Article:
The number of parks, libraries and natural resources in the state where you reside might have a great deal to do with how happy you are. New research suggests that Americans who live where more money is spent on these “public goods” are happier than their counterparts in other states. “Public goods are things you…  read on >

If you have children, you know how important it is to keep up with their immunization schedule. But getting vaccines and booster shots is vital throughout adulthood as well. The most common adult shot is the yearly flu vaccine, recommended for just about every adult. Some fight three flu strains, others, four. However, there’s more…  read on >

Skiing, snowboarding, skating and sledding are great ways to have winter fun, but be sure to take steps to reduce your risk of injuries, experts say. In 2017, U.S. emergency departments, doctors’ offices and clinics treated: 68,809 people for skiing-related injuries, 54,349 people for snowboard-related injuries, 52,308 people for ice skating-related injuries, and 4,499 people…  read on >

If you pledged to hit the gym this year, take some steps to prevent skin infections, an expert says. “While skin infections are not a reason to cancel your gym membership, it’s important to follow a few simple steps to avoid germs while you’re at the gym,” said Dr. Brian Burke Adams, professor and chair…  read on >

Problems with flu vaccine distribution in the United States may cost lives and pose a serious threat in the event of a flu pandemic, researchers warn. However, a computer model shows that proposed changes to the current distribution system could save thousands of lives, said study co-leader Pinar Keskinocak. She and her colleagues recommend replenishing…  read on >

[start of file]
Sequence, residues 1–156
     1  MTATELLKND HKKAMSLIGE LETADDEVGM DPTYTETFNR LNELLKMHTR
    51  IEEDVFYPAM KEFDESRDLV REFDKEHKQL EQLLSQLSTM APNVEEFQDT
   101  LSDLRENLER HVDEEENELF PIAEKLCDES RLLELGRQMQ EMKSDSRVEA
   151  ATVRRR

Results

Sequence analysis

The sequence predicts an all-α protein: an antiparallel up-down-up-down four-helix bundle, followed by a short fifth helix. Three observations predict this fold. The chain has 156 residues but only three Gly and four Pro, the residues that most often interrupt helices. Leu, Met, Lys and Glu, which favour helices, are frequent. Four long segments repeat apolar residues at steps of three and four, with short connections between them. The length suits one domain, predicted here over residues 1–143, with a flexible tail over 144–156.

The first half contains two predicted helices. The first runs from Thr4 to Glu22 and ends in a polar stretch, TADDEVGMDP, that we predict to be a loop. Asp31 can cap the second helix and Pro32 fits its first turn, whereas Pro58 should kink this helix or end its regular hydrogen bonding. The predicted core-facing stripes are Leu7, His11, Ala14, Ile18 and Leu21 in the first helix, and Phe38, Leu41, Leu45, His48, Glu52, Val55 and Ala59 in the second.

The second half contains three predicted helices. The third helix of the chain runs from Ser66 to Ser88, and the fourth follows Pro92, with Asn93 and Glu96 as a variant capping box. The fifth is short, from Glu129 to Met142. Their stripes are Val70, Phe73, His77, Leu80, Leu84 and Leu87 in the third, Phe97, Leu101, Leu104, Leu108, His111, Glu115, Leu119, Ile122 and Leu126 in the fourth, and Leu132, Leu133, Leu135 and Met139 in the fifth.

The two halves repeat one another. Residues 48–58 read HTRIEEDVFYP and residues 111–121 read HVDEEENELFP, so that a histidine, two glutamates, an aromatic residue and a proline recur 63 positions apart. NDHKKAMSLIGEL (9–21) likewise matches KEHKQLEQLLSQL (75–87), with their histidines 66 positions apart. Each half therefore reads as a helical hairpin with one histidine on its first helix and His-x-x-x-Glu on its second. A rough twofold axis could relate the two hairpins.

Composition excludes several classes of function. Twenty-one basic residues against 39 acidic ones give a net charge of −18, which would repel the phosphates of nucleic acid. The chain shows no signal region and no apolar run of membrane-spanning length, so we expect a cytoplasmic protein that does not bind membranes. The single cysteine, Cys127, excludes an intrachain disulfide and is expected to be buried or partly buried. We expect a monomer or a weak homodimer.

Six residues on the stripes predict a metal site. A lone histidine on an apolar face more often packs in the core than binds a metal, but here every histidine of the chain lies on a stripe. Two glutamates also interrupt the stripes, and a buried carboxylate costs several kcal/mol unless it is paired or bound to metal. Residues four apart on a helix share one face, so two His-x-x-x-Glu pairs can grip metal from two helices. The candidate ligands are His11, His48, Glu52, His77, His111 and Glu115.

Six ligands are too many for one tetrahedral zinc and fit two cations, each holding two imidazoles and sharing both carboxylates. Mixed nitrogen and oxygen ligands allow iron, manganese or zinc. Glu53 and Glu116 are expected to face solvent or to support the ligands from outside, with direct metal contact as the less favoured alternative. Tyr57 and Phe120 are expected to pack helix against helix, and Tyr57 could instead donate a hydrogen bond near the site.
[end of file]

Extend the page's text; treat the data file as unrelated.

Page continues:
Quitting smoking is one of the hardest things to do, but studies have found that one strategy in particular can help many people: Start anti-smoking medication well before your intended quit date. Under traditional prescribing guidelines, people who plan to quit smoking with the help of a medication begin taking their anti-smoking drug about one…  read on >

Tainted food, trash-filled parklands and even hungry kids: Public health could be increasingly at risk as the U.S. government shutdown drags into its 21st day, experts say. Crucial inspections intended to protect Americans have either been curtailed or are not being performed because the responsible federal workers have been furloughed, said Dr. Georges Benjamin, executive…  read on >

Pregnant women who get a flu shot protect not only themselves, but also their developing baby, health officials report. When a mom-to-be gets the flu, she can be so sick she needs to be admitted to a hospital’s intensive care unit. And new research finds her baby then runs the risk of being born preterm,…  read on >

A large, new analysis helps confirm that eating lots of grains, vegetables and fruit lowers your risk of dying early from cancer or heart disease. When compared with those who consume very little fiber, people at the high end of the fiber-eating spectrum saw their risk for dying from heart disease, stroke, type 2 diabetes…  read on >

Every day they help feed, bathe and care for the frailest Americans. But female health care workers in the United States often get shortchanged on wages and health insurance, a new study finds. In fact, about one-third of female health care workers made less than $15 an hour, and that number rose to half when…  read on >